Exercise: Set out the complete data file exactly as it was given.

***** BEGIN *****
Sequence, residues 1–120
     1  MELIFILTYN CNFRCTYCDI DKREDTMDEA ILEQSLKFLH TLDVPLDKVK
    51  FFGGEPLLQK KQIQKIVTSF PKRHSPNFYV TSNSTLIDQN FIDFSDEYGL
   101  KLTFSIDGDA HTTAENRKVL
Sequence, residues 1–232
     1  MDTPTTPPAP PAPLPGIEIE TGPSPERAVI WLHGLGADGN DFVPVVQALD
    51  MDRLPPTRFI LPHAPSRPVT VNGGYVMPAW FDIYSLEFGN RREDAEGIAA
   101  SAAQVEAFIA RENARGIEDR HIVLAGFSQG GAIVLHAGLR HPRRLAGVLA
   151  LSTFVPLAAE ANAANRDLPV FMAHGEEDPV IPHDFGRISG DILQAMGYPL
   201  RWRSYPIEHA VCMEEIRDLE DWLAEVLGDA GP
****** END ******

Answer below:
Sequence, residues 1–120
     1  MELIFILTYN CNFRCTYCDI DKREDTMDEA ILEQSLKFLH TLDVPLDKVK
    51  FFGGEPLLQK KQIQKIVTSF PKRHSPNFYV TSNSTLIDQN FIDFSDEYGL
   101  KLTFSIDGDA HTTAENRKVL
Sequence, residues 1–232
     1  MDTPTTPPAP PAPLPGIEIE TGPSPERAVI WLHGLGADGN DFVPVVQALD
    51  MDRLPPTRFI LPHAPSRPVT VNGGYVMPAW FDIYSLEFGN RREDAEGIAA
   101  SAAQVEAFIA RENARGIEDR HIVLAGFSQG GAIVLHAGLR HPRRLAGVLA
   151  LSTFVPLAAE ANAANRDLPV FMAHGEEDPV IPHDFGRISG DILQAMGYPL
   201  RWRSYPIEHA VCMEEIRDLE DWLAEVLGDA GP